Don't Mind Me: It just doesn’t add up

Patricia Feehily

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Patricia Feehily

Don't Mind Me: It just doesn’t add up

Patricia claims the whole Maths bonus points’ initiative sounds suspiciously like a cosmetic exercise

WE hardly ever do things by halves in this country anymore, so I suppose it’s no big surprise then that some things still don’t add up. Take Leaving Cert Higher Level Maths for instance. The whole country has become obsessed with the 25 bonus points on offer for getting a paltry 40 per cent rating in the Higher Paper and parents will beg, borrow or steal to ensure that their offspring aren’t going to miss out on a target so attainable. The pressure is intense.

But bravo! Of course, we had to do something to project a more respectable image of our mathematical skills on the world stage, seeing that William Rowan Hamilton is scarcely remembered now and that multinational tech companies were beginning to turn up their rapacious noses at what we were producing. But, honestly, I don’t think we’re going to breed a whole generation of budding Einsteins simply by dishing out extra college points just for attempting and passing one particular exam.

Certainly, the initiative did entice more students to attempt the Higher Level paper and it did de-mystify, to some extent, the intrigue surrounding Honours Maths. It probably also helped to demolish the myth that the grey matter required for Calculus was distributed unevenly at birth along gender lines, or was that thanks to the feminists? Anyway, is Calculus even on the Leaving Cert curriculum anymore?

Now, don’t mind me because what would I know about maths, seeing that I can’t even calculate the number of shopping days left to Christmas, which means that it creeps up on me every year and leaves me in a panic. But to my mind the whole Maths bonus points initiative sounds suspiciously like a cosmetic exercise and whatever about our mathematical expertise, we’re the masters of cosmetics. But there’s a price to be paid for depending on cosmetics. Leaving Cert students, I’m reliably told, are now more stressed out than ever before and the main source of that new stress is the 25 bonus points available to every student who achieves a 40 per cent or higher rating in Higher Level Maths.

This has become the status symbol of the new Leaving Cert. As I already said, most parents will do anything to make it a reality, forking out for extra grinds and coaching and making life hell for classroom teachers whose mathematical prowess they suspect mightn’t be up to the task of getting their sons and daughters over the bottom line. The whole process involves extra class hours and massive peer pressure, and it’s being done at the expense of pupil and teacher welfare, not to talk of other important subjects like English and history. Will someone tell the new Education Minister, Joe McHugh, that there isn’t much point in being able to solve E=mc2 if we can’t express ourselves coherently in this new globalised culture. If we go on as we’re currently going, disregarding syntax and talking economic gobbledygook, the rest of the world won’t even know what we’re trying to say, and chances are we won’t even know ourselves.

Rather than encouraging creative mathematical thinking and plumbing the spatial genius of the nation, the system is creating a kind of maths mediocrity to satisfy the demands of various interest groups including technical, science and engineering bodies and the multinational sector.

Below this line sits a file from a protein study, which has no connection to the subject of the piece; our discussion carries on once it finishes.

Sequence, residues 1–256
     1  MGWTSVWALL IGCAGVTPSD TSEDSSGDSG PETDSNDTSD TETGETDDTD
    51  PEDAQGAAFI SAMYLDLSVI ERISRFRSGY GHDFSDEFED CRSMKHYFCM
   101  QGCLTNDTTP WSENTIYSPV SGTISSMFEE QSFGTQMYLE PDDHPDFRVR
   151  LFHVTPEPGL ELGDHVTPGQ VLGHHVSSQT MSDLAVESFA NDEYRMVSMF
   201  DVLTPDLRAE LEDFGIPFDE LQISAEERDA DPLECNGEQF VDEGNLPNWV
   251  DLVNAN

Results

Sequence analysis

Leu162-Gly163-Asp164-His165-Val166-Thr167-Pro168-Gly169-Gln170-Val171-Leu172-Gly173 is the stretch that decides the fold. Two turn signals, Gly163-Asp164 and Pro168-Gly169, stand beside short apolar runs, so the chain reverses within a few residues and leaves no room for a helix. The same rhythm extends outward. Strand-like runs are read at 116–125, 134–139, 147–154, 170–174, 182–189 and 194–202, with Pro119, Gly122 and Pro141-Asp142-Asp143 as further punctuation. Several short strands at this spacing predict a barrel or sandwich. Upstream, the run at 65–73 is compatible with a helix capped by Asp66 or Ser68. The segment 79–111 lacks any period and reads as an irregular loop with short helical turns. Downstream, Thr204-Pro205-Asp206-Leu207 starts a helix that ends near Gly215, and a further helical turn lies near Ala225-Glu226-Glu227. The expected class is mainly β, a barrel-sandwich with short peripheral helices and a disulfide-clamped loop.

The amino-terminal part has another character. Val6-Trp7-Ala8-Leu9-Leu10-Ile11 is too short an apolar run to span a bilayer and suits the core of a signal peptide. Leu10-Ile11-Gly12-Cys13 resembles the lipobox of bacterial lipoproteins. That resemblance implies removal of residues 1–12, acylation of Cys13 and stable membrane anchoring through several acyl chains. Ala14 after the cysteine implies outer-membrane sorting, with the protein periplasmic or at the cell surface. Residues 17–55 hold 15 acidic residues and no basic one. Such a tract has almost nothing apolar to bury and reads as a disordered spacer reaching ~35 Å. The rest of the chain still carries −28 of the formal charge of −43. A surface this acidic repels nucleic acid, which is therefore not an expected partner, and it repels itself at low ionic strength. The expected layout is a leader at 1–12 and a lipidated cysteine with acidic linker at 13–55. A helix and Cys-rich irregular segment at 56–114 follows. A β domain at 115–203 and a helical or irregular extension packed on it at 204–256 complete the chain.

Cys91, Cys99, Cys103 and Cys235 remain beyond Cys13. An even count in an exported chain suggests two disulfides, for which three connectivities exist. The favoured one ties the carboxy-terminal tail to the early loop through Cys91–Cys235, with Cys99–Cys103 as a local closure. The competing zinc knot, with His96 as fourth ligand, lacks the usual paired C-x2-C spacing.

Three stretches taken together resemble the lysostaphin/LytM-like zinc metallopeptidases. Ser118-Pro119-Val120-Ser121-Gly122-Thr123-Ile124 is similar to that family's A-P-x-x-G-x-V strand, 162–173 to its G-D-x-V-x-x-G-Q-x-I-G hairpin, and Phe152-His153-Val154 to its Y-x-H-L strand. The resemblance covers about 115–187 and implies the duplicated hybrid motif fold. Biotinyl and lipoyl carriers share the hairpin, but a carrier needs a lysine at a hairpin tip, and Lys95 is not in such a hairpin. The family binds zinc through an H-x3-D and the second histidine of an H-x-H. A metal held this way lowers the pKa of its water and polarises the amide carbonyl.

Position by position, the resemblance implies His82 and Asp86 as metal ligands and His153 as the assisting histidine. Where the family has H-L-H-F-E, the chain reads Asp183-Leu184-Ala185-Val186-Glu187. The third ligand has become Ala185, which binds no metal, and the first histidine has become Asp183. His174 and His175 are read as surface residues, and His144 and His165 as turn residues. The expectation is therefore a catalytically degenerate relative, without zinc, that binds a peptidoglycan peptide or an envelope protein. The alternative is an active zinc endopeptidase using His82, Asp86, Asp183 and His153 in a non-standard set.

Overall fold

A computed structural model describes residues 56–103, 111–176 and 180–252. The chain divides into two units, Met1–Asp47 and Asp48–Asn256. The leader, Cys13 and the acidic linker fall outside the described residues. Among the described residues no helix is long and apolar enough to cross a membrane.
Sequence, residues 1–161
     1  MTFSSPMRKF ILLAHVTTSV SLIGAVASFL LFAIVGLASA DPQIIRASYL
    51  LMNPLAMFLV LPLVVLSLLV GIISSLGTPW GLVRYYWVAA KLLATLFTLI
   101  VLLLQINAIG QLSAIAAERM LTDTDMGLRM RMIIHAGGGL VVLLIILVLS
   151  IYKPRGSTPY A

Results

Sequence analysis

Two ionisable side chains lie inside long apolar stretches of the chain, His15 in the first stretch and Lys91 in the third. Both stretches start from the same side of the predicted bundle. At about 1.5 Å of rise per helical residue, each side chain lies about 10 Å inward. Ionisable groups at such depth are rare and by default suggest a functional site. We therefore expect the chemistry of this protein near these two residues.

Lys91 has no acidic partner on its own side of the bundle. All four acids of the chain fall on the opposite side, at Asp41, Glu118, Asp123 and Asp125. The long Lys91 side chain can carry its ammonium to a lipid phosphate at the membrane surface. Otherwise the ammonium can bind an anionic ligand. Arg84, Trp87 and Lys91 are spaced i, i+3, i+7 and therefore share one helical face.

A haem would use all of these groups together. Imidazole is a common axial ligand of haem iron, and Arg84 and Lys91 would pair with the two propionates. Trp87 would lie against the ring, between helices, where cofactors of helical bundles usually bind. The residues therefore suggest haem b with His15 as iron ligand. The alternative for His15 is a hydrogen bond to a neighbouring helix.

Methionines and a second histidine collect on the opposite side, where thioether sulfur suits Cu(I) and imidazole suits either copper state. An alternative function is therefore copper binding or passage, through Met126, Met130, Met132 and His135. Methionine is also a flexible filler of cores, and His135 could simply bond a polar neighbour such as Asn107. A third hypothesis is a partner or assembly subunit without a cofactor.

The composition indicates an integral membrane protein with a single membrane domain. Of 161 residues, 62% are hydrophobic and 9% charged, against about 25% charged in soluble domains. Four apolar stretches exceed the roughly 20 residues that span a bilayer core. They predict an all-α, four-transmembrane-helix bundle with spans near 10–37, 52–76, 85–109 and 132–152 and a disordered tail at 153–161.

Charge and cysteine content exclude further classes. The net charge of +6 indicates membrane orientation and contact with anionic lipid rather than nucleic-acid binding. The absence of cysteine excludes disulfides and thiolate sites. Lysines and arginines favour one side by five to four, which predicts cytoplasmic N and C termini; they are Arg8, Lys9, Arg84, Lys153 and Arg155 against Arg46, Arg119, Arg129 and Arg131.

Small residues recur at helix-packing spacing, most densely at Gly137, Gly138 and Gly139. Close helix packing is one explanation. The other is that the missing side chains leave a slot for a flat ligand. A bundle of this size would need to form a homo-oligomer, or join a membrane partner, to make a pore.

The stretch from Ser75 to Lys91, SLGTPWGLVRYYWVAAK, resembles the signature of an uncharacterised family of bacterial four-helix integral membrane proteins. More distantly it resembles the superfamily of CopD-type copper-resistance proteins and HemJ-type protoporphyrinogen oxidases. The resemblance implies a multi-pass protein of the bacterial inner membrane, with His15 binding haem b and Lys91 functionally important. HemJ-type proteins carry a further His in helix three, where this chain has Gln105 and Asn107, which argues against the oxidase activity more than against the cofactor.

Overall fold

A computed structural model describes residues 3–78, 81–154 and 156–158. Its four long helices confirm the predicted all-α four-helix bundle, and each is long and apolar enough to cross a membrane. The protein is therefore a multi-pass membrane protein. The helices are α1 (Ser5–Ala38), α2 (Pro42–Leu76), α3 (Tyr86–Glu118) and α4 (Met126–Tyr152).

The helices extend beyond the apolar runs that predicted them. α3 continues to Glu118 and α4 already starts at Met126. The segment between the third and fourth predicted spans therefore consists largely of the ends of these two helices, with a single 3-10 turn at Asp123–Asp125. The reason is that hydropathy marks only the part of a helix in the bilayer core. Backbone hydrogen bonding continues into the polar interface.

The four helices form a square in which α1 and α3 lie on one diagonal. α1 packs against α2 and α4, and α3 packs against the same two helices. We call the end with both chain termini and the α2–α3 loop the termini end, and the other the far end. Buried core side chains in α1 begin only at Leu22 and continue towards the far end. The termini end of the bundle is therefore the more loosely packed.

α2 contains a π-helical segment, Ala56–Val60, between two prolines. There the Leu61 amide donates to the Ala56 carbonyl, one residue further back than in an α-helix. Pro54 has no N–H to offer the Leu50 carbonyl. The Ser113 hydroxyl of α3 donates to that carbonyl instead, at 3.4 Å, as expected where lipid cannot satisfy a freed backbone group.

The latter are usually on the look-out for young minds they can mould themselves, which makes me even more suspicious of the bonus points scheme.

But someone always loses out in a mediocrity and the people I really feel sorry for are those at the top who are natural mathematicians but who get no special recognition under the scheme – just the same bonus points as those who have managed to pass. The other group are those at the bottom who find Maths extremely challenging and who won’t be in a position to attempt the Higher Level Paper, whatever incentive is offered. Many of those students achieve extremely high grades in other subjects. It is telling that more people are now failing Lower Level Maths than ever before and it’s time someone investigated the cause.

I suspect myself that those who show no aptitude for the subject or who have no inclination to study the Higher Level programme or who simply can’t afford the necessary grinds and coaching have been pushed aside in the mad scramble for bonus points.

On top of all that is a dire shortage of good maths teachers. Very few of those who teach Maths at second have studied pure maths in college. Most of them are business graduates or engineering graduates who had maths modules on their courses. One of the contestants in this year’s Rose of Tralee, taught Maths in a secondary school last year and confessed that she had no idea how that came about because she had never studied maths at third level. Richard Bruton didn’t even bat an eyelid.

For all that, I don’t know if I should encourage Joe McHugh to revise the system, because anytime anyone starts tinkering with the Leaving Cert, it ends up even dafter than it was. But I am worried that if we sacrifice everything to project an image of mathematical genius, it will have a disastrous effect on the health of the nation and we’ll all come across like mad scientists in the eyes of the world. And what if, in the process, we also lose contact with our undisputed literary genius and are never again in a position to produce a classical scholar or even a philosopher like Michael D Higgins or Bono?